First, I'd keep him away from TNA in terms of being a competitor as much as possible. This isn't a slight against TNA, but rather, a recognition he's going to have enough issues fighting for Bellator (more on that in a minute). Professional wrestling is hard on the body and takes investment and training to do it correctly. At 34, Rampage has little time to waste unless he wishes to transition to that full time after a couple of years of fighting.
Second, it's less than advisable to put him in a tournament. Not impossible, but far from the best idea. The Bellator tournament is where underdogs go to shine. Moreover, the system is designed around Bellator's talent acquisition model. That means if you're 22 years old and can fight three times against reasonable if not outright great competition without being injured, the tournament is for you. Rampage is 34, slowing down and just waiting to be picked apart by an upstart light heavyweight. There is a way for the tournament to make sense if they stagger the timing and are careful about the matchmaking, but otherwise, there is no sense in having him be part of the process. And would anyone really care if he isn't?
Third, just give him the fights the fans want to see. King Mo seems like the most obvious choice. If he wins the Summer Series and Rampage is available in the fall, find a way to make it happen. I often hear fans say there's no one for Rampage to fight in Bellator. I've got good or bad news for you depending on your perspective: yes, there is. Do I necessarily favor Rampage over Attila Vegh or even Emmanuel Newton at this point, much less King Mo? I'm not so sure that I do. Rampage can beat most of the Bellator roster no problem, but this idea he's going to 'can crush' is deeply, deeply mistaken.
So, he's there because he's a popular attraction, right? Then make use of his popularity while he still has it. Keep him healthy by keeping him out of TNA and the tournaments. Leverage his popularity by having him fight names people care about. If he's going to lose, fine, at least let him lose to someone where there's upside for the rest of the parties involved.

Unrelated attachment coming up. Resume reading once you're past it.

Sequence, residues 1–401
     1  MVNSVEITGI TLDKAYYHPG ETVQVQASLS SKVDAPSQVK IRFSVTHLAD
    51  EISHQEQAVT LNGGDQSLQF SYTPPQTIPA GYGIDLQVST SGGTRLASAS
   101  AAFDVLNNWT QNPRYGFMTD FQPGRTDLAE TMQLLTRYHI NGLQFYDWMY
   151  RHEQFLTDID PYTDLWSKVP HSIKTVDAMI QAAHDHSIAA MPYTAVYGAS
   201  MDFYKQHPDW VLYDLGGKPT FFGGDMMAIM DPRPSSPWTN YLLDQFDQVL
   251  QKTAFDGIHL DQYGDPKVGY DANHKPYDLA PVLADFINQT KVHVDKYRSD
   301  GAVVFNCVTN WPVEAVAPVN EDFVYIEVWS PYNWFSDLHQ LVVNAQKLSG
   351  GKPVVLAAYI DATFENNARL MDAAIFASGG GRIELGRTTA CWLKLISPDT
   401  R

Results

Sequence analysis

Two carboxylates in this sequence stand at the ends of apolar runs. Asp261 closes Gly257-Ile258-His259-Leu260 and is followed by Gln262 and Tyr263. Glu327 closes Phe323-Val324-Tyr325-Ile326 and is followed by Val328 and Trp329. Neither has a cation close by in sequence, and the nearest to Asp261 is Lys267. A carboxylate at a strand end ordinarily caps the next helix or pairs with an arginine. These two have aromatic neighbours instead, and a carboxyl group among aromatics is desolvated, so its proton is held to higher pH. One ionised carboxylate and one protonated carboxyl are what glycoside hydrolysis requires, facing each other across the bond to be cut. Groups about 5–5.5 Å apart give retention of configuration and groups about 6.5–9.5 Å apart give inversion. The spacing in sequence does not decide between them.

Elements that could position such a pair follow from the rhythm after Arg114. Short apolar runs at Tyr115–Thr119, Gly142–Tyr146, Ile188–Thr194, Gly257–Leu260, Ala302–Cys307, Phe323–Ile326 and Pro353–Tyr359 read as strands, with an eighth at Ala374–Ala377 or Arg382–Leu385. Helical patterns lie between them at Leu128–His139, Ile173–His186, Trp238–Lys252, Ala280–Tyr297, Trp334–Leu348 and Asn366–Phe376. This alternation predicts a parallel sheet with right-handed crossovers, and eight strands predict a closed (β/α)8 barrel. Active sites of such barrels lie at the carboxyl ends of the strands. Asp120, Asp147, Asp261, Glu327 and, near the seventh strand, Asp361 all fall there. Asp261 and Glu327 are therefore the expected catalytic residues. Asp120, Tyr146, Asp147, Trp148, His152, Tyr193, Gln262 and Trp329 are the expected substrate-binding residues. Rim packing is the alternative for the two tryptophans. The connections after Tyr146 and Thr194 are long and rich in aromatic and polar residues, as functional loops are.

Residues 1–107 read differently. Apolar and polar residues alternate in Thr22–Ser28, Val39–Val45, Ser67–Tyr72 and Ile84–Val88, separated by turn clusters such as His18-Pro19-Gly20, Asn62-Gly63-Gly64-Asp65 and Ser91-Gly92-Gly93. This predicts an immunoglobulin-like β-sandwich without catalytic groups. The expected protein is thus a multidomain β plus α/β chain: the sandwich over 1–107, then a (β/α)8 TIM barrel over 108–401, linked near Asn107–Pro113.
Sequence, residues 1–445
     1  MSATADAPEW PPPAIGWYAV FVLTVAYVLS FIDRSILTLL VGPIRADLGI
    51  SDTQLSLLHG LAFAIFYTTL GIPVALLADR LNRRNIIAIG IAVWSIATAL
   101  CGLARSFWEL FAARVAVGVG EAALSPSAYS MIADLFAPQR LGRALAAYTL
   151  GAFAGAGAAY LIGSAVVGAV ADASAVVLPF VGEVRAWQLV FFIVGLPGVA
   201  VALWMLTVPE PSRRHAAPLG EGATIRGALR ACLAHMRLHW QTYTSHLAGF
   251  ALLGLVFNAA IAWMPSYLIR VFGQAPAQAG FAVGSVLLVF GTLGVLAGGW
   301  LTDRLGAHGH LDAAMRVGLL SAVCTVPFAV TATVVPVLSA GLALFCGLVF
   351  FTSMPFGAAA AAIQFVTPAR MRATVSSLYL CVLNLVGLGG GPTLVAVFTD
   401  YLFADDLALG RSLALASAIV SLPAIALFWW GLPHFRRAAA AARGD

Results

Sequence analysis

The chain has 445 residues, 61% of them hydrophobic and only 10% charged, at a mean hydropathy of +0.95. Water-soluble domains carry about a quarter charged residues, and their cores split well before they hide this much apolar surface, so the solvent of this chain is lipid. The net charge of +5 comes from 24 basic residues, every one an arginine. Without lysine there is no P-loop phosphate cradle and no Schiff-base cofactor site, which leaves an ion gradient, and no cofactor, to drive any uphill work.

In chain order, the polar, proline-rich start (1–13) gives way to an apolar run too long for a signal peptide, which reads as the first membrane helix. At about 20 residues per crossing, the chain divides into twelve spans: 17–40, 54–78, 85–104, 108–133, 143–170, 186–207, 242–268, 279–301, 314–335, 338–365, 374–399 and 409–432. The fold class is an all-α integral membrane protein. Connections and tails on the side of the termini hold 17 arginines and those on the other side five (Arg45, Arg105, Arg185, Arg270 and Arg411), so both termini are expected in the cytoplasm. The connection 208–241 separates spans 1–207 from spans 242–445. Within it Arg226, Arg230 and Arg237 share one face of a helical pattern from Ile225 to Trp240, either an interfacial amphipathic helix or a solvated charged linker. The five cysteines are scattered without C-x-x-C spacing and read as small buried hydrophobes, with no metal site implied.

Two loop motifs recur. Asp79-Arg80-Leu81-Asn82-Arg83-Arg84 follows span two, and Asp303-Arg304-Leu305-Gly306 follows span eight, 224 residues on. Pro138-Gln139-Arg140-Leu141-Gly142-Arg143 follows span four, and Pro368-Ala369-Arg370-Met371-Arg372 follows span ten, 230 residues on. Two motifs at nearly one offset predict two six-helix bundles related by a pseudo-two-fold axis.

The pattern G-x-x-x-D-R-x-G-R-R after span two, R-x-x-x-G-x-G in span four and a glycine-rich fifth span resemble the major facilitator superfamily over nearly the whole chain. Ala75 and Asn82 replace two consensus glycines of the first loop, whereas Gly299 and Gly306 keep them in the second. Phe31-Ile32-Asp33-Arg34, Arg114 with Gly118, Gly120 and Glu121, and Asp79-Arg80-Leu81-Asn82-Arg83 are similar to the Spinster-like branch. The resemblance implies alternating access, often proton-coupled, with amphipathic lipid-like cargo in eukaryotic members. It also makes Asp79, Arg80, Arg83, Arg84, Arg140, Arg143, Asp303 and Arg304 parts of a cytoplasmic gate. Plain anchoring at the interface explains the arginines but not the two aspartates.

Chiappetta: While I agree with Luke's assessment that Rampage would best be used as a special-attraction featured fighter, I don't think there's any way to do that under Bellator's system.
Bjorn Rebney has sworn that through hell and high water, he will remain loyal to Bellator's tournament system, which is in his mind the only fair way to determine the best. To let Jackson freelance around in favorable or attractive matchups would destroy the integrity of everything they've been building. After all, Rebney wouldn't budge on that for Eddie Alvarez, and Alvarez was home-grown. He didn't change for Muhammed Lawal either.
The way I see it, Jackson has to fight in the tournament format. This is what Bellator is all about. They spent all last season trying to convince us they host "the toughest tournament in sports." Is it the best use of his star power and remaining time? Probably not. It'd be best to pick and choose his matchups for maximum entertainment value and attention. But that's never been Bellator's model, and I don't expect that to change. Regardless of the vocal minority that criticized the deal, Jackson will get extra eyeballs on the Bellator product, which makes it a net win for them.